|NATIONAL PARKS QUICKLINKS|
Backpacker Magazine – June 1998
Here's how to make sense of your sunscreen.
A quick lesson in understanding label-ese.
You hear the advice all the time: "Read the label." Great. But what if the label seems like it's written in Chinese? To make sense of the words printed on sunscreen bottles, here's the translation:
PABA FREE: Marketing lingo; PABA (para-aminobenzoic acid) is an ingredient that was used in the first generation of sunscreens but is no longer used because it irritated skin.
ALL-DAY PROTECTION: More marketing. Translation: "apply early and reapply often."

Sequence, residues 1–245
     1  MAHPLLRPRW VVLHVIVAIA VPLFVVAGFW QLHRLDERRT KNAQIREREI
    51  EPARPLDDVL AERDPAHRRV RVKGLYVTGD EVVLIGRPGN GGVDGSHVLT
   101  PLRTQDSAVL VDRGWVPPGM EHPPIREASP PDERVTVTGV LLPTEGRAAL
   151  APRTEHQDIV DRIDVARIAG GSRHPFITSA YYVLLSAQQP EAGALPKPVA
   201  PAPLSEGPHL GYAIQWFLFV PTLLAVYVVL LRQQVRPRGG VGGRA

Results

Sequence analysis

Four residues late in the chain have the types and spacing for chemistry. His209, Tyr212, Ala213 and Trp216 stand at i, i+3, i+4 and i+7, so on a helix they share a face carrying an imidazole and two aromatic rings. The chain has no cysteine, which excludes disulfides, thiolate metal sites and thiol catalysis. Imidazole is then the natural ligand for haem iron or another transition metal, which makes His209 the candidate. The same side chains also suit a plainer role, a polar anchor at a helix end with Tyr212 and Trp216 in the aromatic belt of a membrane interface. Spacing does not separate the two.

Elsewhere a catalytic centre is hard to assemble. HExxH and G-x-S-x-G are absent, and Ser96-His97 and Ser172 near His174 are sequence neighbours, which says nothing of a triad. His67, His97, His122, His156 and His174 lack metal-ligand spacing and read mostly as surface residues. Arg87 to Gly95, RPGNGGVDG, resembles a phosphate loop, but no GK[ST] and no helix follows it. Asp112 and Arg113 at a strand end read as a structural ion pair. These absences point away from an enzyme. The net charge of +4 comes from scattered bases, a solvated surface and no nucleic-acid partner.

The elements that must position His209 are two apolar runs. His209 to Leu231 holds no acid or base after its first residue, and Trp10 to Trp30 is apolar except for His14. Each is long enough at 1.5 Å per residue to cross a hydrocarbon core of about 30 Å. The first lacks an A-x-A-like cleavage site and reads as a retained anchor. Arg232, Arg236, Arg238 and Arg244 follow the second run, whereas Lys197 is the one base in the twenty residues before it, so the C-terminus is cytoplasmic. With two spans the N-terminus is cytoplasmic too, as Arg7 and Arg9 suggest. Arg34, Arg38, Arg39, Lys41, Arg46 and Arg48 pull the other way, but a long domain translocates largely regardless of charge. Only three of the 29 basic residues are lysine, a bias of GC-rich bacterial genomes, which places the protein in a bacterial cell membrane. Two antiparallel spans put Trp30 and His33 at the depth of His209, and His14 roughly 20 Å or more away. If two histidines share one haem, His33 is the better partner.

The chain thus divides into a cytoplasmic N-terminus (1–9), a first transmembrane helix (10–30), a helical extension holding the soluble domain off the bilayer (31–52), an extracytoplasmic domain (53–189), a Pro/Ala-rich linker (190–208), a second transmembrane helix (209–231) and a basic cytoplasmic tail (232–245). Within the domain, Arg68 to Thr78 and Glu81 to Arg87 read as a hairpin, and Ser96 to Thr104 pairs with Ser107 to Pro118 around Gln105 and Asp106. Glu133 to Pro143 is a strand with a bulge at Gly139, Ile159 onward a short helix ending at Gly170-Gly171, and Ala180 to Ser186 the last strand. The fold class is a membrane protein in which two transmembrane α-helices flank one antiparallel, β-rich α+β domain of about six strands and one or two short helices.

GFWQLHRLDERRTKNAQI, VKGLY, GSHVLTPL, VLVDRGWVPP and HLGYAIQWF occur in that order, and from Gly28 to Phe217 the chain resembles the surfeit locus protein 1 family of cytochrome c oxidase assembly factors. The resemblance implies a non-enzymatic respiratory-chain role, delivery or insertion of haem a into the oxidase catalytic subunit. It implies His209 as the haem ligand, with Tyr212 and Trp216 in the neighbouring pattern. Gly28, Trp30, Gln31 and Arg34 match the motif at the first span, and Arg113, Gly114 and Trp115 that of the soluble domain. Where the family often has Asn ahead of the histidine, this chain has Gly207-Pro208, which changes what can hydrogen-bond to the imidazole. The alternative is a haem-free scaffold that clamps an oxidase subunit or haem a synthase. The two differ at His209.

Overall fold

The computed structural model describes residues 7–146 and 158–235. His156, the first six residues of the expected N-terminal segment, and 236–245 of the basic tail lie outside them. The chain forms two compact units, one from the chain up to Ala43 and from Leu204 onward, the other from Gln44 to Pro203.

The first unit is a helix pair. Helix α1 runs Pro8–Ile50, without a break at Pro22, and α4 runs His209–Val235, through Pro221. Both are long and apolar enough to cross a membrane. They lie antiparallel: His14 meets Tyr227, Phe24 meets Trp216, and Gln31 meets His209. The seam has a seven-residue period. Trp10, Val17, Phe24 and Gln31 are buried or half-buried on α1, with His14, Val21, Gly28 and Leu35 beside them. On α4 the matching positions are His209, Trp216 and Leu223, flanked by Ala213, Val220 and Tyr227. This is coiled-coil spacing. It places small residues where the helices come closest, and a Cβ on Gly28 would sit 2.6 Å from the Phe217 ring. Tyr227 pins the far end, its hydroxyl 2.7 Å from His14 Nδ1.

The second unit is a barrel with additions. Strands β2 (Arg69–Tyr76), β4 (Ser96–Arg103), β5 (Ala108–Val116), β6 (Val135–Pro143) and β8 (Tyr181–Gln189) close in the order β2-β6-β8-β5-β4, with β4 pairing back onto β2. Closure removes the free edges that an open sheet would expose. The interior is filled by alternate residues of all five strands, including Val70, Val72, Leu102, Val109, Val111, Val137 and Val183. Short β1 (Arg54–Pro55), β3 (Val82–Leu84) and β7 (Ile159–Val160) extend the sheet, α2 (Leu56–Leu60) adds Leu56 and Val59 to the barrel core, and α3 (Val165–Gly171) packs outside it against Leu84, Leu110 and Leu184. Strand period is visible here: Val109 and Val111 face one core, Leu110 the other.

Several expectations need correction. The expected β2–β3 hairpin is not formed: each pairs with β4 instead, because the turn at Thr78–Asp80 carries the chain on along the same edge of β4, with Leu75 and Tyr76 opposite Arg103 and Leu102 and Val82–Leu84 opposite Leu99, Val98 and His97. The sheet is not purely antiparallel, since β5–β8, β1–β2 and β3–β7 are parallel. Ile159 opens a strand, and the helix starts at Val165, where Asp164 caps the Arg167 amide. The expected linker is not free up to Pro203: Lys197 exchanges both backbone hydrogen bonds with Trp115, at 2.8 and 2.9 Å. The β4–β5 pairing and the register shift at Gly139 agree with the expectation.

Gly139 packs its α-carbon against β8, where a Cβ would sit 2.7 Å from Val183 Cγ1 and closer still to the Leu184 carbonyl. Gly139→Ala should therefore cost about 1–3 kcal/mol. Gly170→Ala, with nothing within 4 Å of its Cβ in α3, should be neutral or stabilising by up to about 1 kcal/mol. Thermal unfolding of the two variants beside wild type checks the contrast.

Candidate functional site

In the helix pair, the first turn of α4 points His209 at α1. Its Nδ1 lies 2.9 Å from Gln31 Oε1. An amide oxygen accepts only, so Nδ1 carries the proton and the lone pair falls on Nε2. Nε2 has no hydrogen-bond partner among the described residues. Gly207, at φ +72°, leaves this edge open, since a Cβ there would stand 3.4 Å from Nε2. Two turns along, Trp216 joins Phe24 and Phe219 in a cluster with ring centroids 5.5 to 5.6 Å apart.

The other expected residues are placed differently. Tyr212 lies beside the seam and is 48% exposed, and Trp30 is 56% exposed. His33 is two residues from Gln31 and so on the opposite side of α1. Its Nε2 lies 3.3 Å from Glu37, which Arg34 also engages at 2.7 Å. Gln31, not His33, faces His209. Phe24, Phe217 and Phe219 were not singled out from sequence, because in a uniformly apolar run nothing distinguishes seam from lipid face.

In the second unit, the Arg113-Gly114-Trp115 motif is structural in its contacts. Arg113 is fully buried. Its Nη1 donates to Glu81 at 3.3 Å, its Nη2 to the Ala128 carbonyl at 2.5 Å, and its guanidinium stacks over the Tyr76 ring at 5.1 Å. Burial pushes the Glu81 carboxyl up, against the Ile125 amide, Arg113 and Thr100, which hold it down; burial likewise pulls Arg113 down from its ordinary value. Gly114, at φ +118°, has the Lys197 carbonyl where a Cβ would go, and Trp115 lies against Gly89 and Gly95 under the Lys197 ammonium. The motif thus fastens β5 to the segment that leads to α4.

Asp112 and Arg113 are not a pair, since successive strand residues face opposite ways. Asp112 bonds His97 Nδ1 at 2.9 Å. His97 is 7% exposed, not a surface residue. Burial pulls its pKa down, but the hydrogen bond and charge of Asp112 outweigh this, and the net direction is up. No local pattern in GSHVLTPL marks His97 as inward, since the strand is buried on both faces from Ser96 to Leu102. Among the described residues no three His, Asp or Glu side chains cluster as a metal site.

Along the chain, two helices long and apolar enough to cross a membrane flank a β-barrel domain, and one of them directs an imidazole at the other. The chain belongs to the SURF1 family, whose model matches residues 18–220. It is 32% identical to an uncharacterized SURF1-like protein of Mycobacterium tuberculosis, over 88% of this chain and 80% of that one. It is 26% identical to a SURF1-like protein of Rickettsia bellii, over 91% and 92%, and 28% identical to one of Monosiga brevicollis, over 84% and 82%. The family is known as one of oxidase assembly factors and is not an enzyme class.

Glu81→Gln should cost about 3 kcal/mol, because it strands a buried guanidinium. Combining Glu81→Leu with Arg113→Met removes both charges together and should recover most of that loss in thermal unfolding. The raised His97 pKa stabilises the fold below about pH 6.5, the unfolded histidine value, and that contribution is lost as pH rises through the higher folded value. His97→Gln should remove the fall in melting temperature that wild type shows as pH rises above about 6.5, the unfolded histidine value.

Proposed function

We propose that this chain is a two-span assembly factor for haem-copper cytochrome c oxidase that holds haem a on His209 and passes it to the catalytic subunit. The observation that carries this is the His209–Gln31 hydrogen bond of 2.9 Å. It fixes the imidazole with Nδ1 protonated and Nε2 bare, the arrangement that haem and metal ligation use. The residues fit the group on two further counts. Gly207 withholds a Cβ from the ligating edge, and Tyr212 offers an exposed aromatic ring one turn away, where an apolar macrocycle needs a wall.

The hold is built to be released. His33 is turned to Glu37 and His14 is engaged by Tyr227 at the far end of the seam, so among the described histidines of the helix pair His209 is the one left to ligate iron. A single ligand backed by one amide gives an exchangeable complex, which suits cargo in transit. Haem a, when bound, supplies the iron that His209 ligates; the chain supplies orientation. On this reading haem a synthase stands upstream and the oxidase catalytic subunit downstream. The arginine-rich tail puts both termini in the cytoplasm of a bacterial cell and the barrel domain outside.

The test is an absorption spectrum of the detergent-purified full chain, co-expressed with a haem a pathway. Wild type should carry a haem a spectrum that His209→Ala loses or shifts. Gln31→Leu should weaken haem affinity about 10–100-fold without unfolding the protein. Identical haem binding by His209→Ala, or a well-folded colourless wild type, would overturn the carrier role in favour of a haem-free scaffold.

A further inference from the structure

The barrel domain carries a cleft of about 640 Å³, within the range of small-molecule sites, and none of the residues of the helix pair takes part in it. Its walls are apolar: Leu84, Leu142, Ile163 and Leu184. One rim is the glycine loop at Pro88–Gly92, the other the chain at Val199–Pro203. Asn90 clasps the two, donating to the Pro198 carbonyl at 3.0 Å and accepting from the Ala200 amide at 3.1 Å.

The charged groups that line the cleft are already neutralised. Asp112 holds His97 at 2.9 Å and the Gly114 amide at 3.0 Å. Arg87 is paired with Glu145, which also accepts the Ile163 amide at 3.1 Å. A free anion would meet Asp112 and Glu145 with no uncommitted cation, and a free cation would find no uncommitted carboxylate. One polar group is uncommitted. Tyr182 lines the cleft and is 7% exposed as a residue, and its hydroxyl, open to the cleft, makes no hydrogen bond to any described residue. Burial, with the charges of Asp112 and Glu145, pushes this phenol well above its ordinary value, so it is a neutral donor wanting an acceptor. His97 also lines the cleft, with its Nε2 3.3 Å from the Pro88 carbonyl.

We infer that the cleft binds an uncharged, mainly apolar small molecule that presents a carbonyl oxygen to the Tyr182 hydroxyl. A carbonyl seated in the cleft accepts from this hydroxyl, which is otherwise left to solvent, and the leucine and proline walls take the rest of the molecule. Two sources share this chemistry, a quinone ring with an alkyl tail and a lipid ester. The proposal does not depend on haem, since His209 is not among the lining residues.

BROAD SPECTRUM: Indicates that a sunscreen protects against both UVA and UVB rays; nearly all do nowadays.
SPF (SUN PROTECTION FACTOR): A number that measures the amount of protection; SPF 30 is best for most uses, and SPF 15 is considered the minimum you should use.
SWEATPROOF: Won't clog pores and come off when you sweat; doesn't mean rubproof, however.
WATER RESISTANT/WATERPROOF: Water-resistant means the sunscreen will tolerate up to 40 minutes of water exposure; waterproof means 80 minutes. Some sunscreens tout protection as long as 6 or 8 hours, but the FDA doesn't recognize such claims.